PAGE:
How to Store Jewellery

How to Store Jewellery

Even the best quality jewellery can become dull or damaged. Knowing the cause is the key to protecting your jewellery before it happens. Improper storage is one of the biggest reasons your jewellery becomes unwearable, from tangled chains to tarnished metal. But this is easily avoided when you know the best way to store your jewellery to keep them safe and tangle-free.

Use a Jewellery Storage Box

By using a jewellery box, you'll find your jewellery will stay looking bright and shiny for longer. Chains won't get tangled and earrings won't get lost either. By storing your jewellery in a storage box, you'll protect it from the common causes of tarnishing and tangling. A high-quality jewellery box will protect your jewellery from all the main causes of damage, ensuring your jewellery stays looking its best for longer.

Our jewellery storage features two jewellery boxes. A compact two-layer jewellery box and a mini travel jewellery box. Both have a durable, waterproof exterior with a moisture proof interior to protect jewellery from scratching or tarnishing. Our jewellery boxes are designed to be compact and portable so you can organise and store your jewellery whether at home or while travelling. We include an anti-tarnish square with every jewellery box to ensure your jewellery stays in perfect condition.

Use a Necklace Layering Clasp

One of the easiest ways to damage your jewellery is when wearing them. Chains can become tangled together, or snag on your clothing. To prevent this from happening, always put your jewellery on after getting dressed and before undressing.

If you enjoy layering necklaces, the simplest solution to avoid tangles is to use a necklace detangler clasp. It's been specifically designed to keep layered necklaces safe and tangle-free. You can put on and take off multiple necklaces on at a time, without fiddling with lots of clasps. You can even store your layered chains on the detangler clasp until the next time you wear them. Learn how to layer necklaces with the necklace detangler.

How to Store Jewellery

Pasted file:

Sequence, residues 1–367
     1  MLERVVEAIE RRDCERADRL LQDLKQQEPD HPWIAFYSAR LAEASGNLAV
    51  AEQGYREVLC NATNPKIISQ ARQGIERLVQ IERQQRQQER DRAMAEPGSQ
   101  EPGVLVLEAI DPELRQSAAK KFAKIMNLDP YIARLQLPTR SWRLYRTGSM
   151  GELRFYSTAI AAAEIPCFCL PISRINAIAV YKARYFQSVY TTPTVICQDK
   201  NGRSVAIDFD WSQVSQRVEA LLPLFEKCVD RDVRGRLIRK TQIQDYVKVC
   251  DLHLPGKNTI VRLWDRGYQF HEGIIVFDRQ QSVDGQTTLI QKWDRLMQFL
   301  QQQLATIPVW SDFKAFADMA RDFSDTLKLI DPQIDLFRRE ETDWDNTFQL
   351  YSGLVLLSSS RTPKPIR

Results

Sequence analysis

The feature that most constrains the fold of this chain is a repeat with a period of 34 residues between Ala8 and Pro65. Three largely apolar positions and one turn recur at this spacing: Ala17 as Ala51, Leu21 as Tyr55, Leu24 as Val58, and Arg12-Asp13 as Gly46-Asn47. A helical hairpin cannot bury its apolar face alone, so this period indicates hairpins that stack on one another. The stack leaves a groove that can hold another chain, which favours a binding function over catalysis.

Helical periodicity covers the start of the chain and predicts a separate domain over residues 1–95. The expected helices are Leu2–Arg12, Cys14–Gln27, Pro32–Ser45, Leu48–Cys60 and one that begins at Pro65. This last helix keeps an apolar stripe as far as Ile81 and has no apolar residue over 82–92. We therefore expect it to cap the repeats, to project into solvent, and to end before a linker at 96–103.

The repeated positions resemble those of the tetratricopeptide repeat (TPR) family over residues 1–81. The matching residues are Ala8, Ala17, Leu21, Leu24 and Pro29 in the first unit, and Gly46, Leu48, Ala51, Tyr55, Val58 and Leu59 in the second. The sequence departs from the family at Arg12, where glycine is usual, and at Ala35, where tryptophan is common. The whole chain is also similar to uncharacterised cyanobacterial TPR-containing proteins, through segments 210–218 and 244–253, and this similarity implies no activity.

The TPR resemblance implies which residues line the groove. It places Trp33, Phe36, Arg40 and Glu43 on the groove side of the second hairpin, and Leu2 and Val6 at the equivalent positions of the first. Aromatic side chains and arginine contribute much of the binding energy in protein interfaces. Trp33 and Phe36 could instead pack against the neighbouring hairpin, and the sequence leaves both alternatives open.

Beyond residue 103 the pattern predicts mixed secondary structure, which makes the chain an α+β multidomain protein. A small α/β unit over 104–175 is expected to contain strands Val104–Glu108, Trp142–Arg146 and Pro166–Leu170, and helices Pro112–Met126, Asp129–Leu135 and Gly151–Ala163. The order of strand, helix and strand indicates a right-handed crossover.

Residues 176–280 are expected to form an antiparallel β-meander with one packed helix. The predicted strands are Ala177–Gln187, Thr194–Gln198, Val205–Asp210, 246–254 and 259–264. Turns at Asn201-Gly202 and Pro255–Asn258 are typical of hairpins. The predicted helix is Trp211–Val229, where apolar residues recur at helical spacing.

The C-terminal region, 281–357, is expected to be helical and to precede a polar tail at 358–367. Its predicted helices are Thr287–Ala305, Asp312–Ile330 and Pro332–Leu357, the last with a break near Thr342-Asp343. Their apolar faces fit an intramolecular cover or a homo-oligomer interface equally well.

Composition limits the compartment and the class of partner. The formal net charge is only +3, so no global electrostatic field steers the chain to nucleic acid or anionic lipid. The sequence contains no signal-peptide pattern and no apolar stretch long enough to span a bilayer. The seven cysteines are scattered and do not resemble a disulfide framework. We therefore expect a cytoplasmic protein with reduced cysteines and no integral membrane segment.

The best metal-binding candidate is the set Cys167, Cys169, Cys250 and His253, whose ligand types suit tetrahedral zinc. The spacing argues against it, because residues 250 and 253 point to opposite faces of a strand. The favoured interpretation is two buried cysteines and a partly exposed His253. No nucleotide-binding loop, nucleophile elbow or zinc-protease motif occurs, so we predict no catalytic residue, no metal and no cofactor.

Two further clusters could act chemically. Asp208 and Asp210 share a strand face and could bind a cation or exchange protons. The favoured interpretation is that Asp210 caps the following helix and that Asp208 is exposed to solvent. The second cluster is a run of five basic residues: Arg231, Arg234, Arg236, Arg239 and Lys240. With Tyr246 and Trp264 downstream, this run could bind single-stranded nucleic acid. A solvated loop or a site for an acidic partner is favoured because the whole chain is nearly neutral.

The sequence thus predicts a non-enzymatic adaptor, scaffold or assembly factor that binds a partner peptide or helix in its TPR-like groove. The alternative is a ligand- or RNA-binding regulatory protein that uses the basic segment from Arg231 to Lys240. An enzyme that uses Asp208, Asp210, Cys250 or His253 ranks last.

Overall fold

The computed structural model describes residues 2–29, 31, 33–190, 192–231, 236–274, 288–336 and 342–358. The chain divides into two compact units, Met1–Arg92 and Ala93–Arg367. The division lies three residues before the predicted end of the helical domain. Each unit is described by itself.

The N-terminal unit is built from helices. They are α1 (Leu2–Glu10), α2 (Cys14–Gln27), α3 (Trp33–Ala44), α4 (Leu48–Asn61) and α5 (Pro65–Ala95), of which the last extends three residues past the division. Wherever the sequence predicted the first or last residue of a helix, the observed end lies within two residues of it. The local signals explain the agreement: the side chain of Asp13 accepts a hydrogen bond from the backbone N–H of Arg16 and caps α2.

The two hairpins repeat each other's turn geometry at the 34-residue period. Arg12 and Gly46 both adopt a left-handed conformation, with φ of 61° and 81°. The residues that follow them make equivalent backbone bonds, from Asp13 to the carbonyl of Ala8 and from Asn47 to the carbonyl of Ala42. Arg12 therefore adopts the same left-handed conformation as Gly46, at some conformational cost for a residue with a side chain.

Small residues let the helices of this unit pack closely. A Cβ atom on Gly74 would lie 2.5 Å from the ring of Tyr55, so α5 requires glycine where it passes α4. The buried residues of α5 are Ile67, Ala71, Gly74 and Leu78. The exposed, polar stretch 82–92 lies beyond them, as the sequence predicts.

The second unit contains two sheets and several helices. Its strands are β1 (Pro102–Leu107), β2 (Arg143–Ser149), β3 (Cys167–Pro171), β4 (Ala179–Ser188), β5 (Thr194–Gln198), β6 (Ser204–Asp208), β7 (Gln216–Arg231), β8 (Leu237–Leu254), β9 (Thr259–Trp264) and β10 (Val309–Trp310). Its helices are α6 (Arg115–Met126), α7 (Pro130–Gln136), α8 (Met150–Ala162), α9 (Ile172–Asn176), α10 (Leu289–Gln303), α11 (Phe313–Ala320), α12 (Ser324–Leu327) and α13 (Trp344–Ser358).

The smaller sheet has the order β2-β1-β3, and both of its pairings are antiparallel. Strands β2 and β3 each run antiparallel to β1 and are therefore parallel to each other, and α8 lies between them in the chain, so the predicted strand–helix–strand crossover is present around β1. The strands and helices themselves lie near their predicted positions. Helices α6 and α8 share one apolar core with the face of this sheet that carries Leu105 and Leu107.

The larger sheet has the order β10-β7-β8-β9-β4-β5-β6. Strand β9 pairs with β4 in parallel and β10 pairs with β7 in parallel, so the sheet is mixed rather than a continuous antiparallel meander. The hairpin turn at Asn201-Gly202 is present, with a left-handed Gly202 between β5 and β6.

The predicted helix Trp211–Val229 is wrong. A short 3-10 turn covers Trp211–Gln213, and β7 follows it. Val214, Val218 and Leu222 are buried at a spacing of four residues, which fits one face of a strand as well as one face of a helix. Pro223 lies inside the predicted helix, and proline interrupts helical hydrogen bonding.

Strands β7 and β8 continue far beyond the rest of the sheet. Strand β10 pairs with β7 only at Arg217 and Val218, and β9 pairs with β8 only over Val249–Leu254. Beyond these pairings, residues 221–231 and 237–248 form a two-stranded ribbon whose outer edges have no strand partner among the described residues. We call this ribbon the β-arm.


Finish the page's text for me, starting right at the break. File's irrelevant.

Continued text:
Take a Jewellery Travel Storage Box on Trips

Travelling with jewellery without the proper storage is a surefire way for your favourite pieces to get broken or damaged. With a stuffed suitcase and limited luggage, your jewellery is the first thing to get lost in transit. Thankfully there are ways to keep your wear-everywhere jewellery safe while travelling. Want to know more about travelling with your jewellery? These tangle-free jewellery travel hacks will help.

Our mini travel jewellery storage box is every bit at sturdy as our larger jewellery storage box. Not only has it been designed for travel with its durable firm exterior to protect against spills and squashing. The interior features plenty of space for your must-have jewellery essentials despite its compact size. The travel storage box has padded compartments and an elasticated pocket to store necklaces, rings, and earrings.

Have a Catch-All Trinket Dish

Even though we all know we should take our jewellery off and store it in a jewellery box while we workout or sleep, we don't always do it. Having a few catch-all trinket dishes around your home will solve this problem and prevent your jewellery from accidental damage. Whenever you're just about to do something you shouldn't with your jewellery on, you can quickly remove it to store on a trinket dish temporarily.

This storage option is especially useful for your everyday jewellery essentials; the pieces you rarely take off. Keep a trinket dish by the side of your bed, in the bathroom, or near the front door - anywhere you're likely to need to take off your jewellery in a rush. You'll prevent your most-loved jewellery pieces from getting damaged or lost.

How to Store Jewellery
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Written by Sophie Davies

Sophie is a freelance writer and full-time jeweller. She has been writing about simple living and sustainability for over ten years; exploring simple living, sustainable style, and slow travel. She writes for a variety of brands and publications as well as her personal blog, A Considered Life.

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